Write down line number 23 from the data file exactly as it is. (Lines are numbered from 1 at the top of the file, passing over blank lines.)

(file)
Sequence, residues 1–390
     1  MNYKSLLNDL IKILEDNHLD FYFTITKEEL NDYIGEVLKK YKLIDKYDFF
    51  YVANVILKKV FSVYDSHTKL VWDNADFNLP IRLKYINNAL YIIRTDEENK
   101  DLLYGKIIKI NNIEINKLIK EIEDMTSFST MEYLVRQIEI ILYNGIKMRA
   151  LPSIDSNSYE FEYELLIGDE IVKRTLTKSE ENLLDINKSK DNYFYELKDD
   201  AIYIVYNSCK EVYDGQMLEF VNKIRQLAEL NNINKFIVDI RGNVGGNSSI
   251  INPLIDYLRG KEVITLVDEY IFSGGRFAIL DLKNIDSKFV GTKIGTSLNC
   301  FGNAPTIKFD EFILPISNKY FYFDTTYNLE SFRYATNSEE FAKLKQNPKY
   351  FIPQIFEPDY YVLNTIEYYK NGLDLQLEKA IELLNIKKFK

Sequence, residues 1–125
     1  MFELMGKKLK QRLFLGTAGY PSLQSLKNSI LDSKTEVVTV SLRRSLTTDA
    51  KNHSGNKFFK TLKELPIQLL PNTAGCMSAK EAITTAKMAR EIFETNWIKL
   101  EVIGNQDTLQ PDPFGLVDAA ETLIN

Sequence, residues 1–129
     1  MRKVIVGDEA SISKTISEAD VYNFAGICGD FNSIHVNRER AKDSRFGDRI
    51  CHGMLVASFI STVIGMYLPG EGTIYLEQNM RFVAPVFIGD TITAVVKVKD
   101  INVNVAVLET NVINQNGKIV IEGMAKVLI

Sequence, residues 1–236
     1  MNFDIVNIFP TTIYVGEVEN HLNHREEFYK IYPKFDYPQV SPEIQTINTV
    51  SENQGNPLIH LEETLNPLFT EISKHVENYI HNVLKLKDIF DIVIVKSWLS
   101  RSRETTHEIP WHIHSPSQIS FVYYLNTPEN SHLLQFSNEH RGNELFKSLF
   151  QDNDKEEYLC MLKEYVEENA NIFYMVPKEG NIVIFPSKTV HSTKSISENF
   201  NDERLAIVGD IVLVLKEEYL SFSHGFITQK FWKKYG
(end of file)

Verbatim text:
   201  NDERLAIVGD IVLVLKEEYL SFSHGFITQK FWKKYG